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It's been a long time coming, but today we are proud to announce the imminent arrival of Return to Grace, the 30th Second Edition expansion! Return to Grace will be released online and free at trekcc.org on Friday, March 14th, 2014. This expansion is all about "rebirth" and aims to place the Bajorans and the Cardassians firmly on the scene this competitive season. In addition, Return to Grace is a launching point for a new era of design philosophies and principles we have been calling "Phase II."
What is Phase II?
Return to Grace is the first expansion of what we've been calling "Phase II" of Second Edition design. From a design point of view, "Phase II" is a shift in philosophy that manifests in three key areas:
1. Create new and powerful cards. In the past, especially in the past few years, design has been reluctant to push the power level of new cards. Instead, we have just added new "teams", created new tools for existing strategies, or made weapons against powerful strategies. We will still do all of those things moving forward, but we are no longer going to be afraid to make good cards, especially for affiliations that aren't performing well at a competitive level (Accession). This philosophy applies to dilemma design as well, with dilemmas made to encourage deck strategies and innovative piles that are both fun and competitive, such as Chula: The Game.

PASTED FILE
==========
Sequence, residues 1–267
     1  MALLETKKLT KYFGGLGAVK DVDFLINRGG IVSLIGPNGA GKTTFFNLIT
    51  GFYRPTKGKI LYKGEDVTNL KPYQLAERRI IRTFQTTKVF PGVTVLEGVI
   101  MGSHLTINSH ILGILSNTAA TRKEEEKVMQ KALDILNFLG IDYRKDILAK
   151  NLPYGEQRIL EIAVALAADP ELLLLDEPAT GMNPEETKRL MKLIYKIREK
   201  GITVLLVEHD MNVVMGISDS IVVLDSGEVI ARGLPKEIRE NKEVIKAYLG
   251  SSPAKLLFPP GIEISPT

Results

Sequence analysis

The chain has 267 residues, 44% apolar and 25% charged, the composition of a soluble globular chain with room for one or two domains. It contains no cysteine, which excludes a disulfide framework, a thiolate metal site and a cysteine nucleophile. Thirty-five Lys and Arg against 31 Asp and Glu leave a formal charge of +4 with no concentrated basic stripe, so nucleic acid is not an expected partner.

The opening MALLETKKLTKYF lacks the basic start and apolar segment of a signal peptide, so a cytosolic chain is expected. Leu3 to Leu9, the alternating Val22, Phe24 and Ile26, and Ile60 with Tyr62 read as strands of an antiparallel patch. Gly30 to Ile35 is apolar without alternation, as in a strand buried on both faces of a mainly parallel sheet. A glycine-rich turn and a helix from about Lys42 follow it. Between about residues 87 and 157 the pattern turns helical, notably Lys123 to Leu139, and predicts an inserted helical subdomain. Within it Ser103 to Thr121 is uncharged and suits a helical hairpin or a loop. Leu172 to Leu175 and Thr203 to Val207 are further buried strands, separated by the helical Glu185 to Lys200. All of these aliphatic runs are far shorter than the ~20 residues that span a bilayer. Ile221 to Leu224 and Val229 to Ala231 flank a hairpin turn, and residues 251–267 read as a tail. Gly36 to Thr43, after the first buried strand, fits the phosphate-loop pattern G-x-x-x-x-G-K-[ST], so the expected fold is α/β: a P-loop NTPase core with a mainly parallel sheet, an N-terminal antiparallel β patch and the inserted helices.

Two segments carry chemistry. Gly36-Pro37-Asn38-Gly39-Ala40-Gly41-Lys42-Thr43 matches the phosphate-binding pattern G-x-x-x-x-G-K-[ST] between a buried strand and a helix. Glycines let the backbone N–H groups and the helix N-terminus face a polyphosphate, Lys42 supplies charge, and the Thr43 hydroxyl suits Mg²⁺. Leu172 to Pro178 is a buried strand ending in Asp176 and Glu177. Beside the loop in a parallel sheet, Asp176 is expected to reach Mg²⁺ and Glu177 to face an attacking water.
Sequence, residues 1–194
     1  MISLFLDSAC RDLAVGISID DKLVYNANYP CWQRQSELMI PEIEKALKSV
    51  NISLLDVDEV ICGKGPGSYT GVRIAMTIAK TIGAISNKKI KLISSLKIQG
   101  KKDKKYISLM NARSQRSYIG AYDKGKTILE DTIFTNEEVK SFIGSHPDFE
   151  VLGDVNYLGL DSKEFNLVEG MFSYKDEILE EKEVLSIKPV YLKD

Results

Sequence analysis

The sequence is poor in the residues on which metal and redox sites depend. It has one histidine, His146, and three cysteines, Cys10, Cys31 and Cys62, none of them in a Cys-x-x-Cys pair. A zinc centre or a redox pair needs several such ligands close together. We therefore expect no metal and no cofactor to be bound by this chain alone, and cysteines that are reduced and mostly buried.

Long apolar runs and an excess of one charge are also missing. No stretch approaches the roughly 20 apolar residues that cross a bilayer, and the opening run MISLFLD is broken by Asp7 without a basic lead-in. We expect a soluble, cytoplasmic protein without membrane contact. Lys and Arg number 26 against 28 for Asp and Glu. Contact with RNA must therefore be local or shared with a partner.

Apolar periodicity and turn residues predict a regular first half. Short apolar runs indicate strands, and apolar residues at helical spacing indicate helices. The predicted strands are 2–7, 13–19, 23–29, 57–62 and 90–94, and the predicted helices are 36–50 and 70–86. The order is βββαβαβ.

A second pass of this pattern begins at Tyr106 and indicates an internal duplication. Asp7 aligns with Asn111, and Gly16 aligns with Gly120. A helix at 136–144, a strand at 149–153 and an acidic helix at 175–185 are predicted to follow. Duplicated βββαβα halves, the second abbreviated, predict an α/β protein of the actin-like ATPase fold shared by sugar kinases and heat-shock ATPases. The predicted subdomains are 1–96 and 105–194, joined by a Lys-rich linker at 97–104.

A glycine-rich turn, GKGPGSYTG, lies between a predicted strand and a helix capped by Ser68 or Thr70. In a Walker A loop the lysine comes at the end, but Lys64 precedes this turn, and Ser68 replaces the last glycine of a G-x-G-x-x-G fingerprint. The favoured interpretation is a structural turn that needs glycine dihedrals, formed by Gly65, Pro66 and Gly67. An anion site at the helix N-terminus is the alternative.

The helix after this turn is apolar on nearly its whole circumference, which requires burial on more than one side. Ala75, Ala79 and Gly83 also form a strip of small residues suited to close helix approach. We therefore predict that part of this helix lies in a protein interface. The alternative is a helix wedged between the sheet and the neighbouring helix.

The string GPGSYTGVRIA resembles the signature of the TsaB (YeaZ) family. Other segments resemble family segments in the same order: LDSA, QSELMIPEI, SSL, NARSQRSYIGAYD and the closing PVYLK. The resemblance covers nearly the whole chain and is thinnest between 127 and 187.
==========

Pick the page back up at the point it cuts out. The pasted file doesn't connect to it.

2. Make affiliations matter. Over the past few expansions, there has been less and less affiliation definition. Likely due to the smaller virtual expansion size (at least in part), designers have made more "toolbox" cards like Tacking Into the Wind, i.e. cards that work in any deck. While these types of cards have a place in the game, each time one is made, it makes the affiliations and sub-affiliations a little less distinct. Phase II originated as part of a desire to return to the "old days," where each affiliation played and felt differently. We want all of the affiliations and sub-affiliations to have a distinct feel, with different implementations of mechanics. One of our mantras was that, even if you were playing a small, tight, solver deck, those decks would play and feel differently.
3. Dial back game speed. For the past several years, as we have made more and more cards to enable interaction decks, game length has increased. Specifically, the number of timed games has gone up, on average, as interactive decks became more and more viable. This isn't an inherently bad thing, as interaction is key and vital to the game, and it's something design wants to see. Imagine the game speed as a pendulum, with Second Edition-only speed decks on one end, and Maquis-disruption style chess match decks on the other. Right now, the pendulum is more on the side of the slower decks, and this point is simply to pull it a little bit closer to the middle. One of the ways we can enable this is with clean, simple cards that make solvers work, and you'll see several in Return to Grace.